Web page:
“I know that, Merry” Frodo replied, giving him an affectionate pat on the back, “but Sam doesn’t, because he doesn’t understand you.” Frodo sighed, “and he’s in no mood to give an apology. I might force one out of him that he doesn’t mean, but how that will benefit either of you I can’t tell, and I don’t know how we’re going to carry on if a sincere one is expected.” He looked at Merry, “I don’t doubt you deserve one, and it may come in time, but not now.”
“That’s a bit hard Frodo, asking me to carry on without an apology, especially from the likes of Sam.”
Frodo was not pleased with this response. “Sam is my responsibility right now, just as you are, and I won’t let him travel by himself back to Hobbiton, even if he does know the way. And you, Merry, if you feel you possess some innate superiority to him then perhaps that should include more understanding and forgiveness than Sam is able to show.”
Merry looked at Frodo “So, I’m supposed to let your servant strike me and then pretend nothing happened. Why should I, when I’ve done nothing wrong?”
“I’m not master of Bag End and he is not yet my servant however much he may think he is.” Frodo paused, and thought for a moment. “What you did Merry, jostling me out of the high tree into deep water and then laughing at me, was very wrong in Sam’s eyes, both because of who I am and what he’s been through these past few weeks. And to his way of thinking what he did in response was not so very bad, except for the fact that you are a Brandybuck, and not, say, a Cotton. I’ve heard Sam called names by his father, and his brothers, like the one he called you, and worse. He takes it all the time, and believes it, I daresay, and more’s the harm. The Gaffer hasn’t hit him for many years, but there was a brief time when he was just a little lad that it happened often enough. So put that with his growing tendency to assume the yet unappointed role of servant to me and what he did becomes more understandable, though not excusable.” Frodo paused, gathering his thoughts. “It’s because you’re a Brandybuck and not a Cotton that Sam did what he did. You have a claim to me by kinship and friendship that he can never have, nor does he want it, I think, but he sees you abusing it to his simple way of thinking.”
Merry shook his head in disbelief. He had always been proud to claim Frodo as his cousin, despite the reputation that attached to him as a Baggins and Bilbo’s heir. Merry had no siblings and when he had been little, and Frodo had still lived at Brandy Hall he had often thought of him as his big brother. He still did, in fact. It was not a relationship that he had ever treated lightly, though he and Frodo treated each other very lightheartedly in the usual hobbit fashion. The thought that Sam Gamgee felt it was his place to pass judgment on him continued to be altogether irritating.
Seeing Merry’s annoyance Frodo added “and you know, Merry, I was rather frightened. I can’t swim, don’t forget, and I didn’t know how deep the water was. As for Sam, you must have realized he was quite terrified.”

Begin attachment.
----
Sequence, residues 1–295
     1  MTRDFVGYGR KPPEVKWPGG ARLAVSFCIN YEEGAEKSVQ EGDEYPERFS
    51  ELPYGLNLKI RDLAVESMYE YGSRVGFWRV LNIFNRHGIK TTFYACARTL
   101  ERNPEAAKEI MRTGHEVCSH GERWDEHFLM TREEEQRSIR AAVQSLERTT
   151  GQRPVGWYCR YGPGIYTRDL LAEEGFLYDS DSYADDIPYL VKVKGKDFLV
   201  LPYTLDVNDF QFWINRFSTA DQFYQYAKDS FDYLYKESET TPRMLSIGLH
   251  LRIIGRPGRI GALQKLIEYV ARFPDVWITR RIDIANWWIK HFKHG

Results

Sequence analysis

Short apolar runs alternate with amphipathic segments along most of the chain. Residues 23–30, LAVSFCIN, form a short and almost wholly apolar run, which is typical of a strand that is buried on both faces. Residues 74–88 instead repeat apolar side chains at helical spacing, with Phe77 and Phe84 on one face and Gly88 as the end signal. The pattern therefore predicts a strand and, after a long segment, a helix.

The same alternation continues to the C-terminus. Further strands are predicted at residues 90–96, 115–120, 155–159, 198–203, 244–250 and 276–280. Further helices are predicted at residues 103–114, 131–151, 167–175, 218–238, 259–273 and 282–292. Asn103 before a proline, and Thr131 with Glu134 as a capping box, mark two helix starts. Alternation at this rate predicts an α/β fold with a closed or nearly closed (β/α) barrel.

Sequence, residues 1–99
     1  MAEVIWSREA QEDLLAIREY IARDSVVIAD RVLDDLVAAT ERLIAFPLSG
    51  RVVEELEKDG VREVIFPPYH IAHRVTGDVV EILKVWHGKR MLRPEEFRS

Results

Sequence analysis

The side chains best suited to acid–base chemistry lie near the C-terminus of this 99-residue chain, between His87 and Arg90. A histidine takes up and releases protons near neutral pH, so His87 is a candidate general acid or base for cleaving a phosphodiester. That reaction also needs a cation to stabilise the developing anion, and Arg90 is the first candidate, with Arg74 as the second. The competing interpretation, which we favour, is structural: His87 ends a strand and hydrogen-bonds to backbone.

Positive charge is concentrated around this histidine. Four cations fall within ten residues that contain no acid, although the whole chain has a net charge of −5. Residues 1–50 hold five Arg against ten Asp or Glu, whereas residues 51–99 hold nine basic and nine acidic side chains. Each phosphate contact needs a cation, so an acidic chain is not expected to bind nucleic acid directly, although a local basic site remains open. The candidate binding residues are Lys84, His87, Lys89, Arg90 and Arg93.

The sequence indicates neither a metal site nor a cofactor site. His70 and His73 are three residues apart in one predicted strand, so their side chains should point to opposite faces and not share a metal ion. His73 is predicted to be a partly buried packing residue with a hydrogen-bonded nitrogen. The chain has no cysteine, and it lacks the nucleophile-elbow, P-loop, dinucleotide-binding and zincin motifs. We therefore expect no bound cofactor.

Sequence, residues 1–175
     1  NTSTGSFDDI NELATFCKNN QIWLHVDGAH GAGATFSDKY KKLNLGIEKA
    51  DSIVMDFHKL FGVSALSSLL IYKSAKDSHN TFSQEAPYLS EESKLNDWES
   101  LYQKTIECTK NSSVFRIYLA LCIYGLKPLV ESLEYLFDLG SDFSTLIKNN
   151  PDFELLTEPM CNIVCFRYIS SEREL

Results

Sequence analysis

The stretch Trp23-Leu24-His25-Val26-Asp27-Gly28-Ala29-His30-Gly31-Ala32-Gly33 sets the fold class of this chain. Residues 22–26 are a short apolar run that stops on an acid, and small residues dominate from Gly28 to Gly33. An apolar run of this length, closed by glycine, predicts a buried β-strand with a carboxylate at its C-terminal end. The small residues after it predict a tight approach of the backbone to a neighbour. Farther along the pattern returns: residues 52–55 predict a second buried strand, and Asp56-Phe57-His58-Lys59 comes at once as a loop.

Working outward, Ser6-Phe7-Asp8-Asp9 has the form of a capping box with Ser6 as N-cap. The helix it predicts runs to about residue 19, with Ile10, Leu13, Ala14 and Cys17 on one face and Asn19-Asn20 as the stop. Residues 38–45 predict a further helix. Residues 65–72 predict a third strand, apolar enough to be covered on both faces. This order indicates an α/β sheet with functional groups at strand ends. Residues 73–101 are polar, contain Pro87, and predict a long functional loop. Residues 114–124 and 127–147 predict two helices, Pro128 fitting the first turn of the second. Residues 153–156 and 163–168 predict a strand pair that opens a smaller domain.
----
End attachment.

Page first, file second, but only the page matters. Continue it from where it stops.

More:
Merry looked at Frodo quizzically.
“He hates the water as well as heights, didn’t you know?”
Merry pondered this and then said “but he ran into the water like it was nothing!” Frodo smiled at him ruefully and slowly Merry began to understand that Frodo’s fall couldn’t be turned into a joke after all.
After a few minutes Frodo chuckled. “So far this hasn’t been the pleasant walk across the Shire you had hoped for.”
“No” Merry replied with a small sigh, “though it has been an adventure of a sort, I think I’m the only Brandybuck of my generation to have been in a fist fight, I wonder what my parents will say?”
“It might be better if we don’t bother them with it,” Frodo cautioned, “after all, you wouldn’t want them to think your cousin Frodo takes you on dangerous journeys and doesn’t look out for you”. He did not add the equally compelling argument that he would not want the news getting back to the Gaffer by way of irate Brandybuck parents.
Merry finally went to bed but Frodo lay awake for some time, staring up at the bright stars in the deep black and contemplating the rather startling events of the evening. Just before he dropped off to sleep he realized with amusement that only in the last few minutes had Sam begun to snore. “Ah well,” thought Frodo, “it is the eavesdropper’s reward to hear things he may never have wished to hear. In this case it may do him some good.”
* * *
Merry and Frodo awoke the next morning to the smell of breakfast cooking. Sam had obviously been up for some time. The tea was made, the bacon almost crisp and the bread sliced ready for toasting. Merry waited until Frodo was up and eating with Sam before he joined them and then he silently poured himself a mug of tea. Sam glanced anxiously at Merry’s eye; it was blue and purple, and slightly swollen. Tentatively he reached over and handed Merry a small bundle of herbs wrapped in a cloth.
“Here’s a poultice for your sore eye, Merry,” Sam said awkwardly, “the Gaffer taught me how to make them, the Gamgee’s own special remedy, so to speak.” Merry took it with a small smile but no word of thanks.
Silently they broke camp and set off. Merry seemed to have accepted that Sam would be remaining with them without making any apology. His aching eye subdued him and he tried to keep Frodo quietly to himself during the long day of hiking, but Frodo always contrived to spend a bit of time walking with Sam every now and then. Sam seemed content to have Frodo next to him, but was unable or unwilling to make any conversation.